Google has announced Android Things is leaving developer preview. Android Things 1.0 with long-term support for production devices. The company is also adding support for System-on-Modules and releasing development hardware and reference designs for them in the coming months.
“Android Things is Google’s managed OS that enables you to build and maintain Internet of Things devices at scale. We provide a robust platform that does the heavy lifting with certified hardware, rich developer APIs, and secure managed software updates using Google’s back-end infrastructure, so you can focus on building your product,” Dave Smith, developer advocate for IoT, wrote in a post.
Google will continue to provide software updates over-the-air to ensure that all Android Things remain secure. Automatic updates are enabled by default, and Google will provide free stability fixes and security patches for three years.
The Android Things Console has a new interface for configuring hardware peripherals. This will allow build-time control of Peripheral I/O connections available and certain device properties, such as GPIO resistors and I2C bus speed.
Google releases Flutter 3 Beta
Google has also announced the release of the third beta of Flutter. Flutter is Google’s mobile app SDK used for creating high-quality, native user experiences on mobile. Majors parts of Flutter’s engine has been rewritten for performance and support has been added for Windows development.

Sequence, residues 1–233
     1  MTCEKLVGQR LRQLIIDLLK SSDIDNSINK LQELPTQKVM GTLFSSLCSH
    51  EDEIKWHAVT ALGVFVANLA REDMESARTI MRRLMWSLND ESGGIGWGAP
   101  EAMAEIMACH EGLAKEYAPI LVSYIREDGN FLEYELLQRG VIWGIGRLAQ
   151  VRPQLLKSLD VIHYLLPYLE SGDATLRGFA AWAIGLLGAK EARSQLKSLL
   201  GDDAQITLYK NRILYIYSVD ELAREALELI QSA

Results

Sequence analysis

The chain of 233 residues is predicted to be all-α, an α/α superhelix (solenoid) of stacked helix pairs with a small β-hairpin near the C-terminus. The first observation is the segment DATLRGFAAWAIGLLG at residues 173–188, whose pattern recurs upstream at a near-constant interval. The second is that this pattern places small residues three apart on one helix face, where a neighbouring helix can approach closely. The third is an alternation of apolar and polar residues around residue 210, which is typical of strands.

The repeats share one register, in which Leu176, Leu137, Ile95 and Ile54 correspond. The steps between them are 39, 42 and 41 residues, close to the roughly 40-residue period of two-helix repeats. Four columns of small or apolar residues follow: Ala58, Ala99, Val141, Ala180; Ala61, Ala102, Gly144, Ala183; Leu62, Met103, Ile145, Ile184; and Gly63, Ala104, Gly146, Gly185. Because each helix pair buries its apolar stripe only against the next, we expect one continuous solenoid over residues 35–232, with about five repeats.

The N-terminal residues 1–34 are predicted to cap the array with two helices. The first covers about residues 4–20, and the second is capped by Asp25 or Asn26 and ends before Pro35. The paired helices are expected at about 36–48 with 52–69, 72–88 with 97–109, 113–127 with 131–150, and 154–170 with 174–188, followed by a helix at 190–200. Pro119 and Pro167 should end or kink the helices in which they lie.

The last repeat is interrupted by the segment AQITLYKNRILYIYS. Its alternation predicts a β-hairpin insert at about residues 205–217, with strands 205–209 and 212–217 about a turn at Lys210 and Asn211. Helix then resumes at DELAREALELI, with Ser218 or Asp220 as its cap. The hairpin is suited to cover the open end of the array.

It also adds tooling for Android Studio and Visual Studio Code, integrates Dart 2, adds support for more Firebase APIs, and adds support for inline video, ads and charts, internationalization and accessibility.
“We believe mobile development needs an upgrade. All too often, developers are forced to compromise between quality and productivity: either building the same application twice on both iOS and Android, or settling for a cross-platform solution that makes it hard to deliver the native experience that customers demand. This is why we built Flutter: to offer a new path for mobile development, focused foremost on native performance, advanced visuals, and dramatically improving developer velocity and productivity,” the Flutter team wrote in a post.
Ursa Labs has launched
Ursa Labs has announced its launch, with the goal of leveraging more efficient and scalable in-memory computing to empower and accelerate the work of data scientists. According to the company, many data science tools do not utilize modern hardware.
“Much effort in the ecosystem has focused more on deep learning and problems related to machine learning, leaving fundamental issues in data access, data manipulation, exploratory data analysis, and feature engineering comparatively under attended,” the team wrote in a post.
Most of the team’s work so far has been in the Apache Arrow project, but the team hopes to expand and create software artifacts that are more focused on the data science domain.
Oculus Research changes its name to Facebook Reality Labs
Oculus Research has changed its name to Facebook Reality Labs. According to a Facebook post made by Michael Abrash, chief scientist of Oculus, the focus of the lab will not change.
“FRL brings together a world-class R&D team of researchers, developers, and engineers with the shared goal of developing AR and VR across the spectrum. We’re creating new possibilities across the full span of how people interact with these new technologies. There are a lot of hard problems in VR and AR, but they’re all solvable, and they are going to get solved,” he wrote.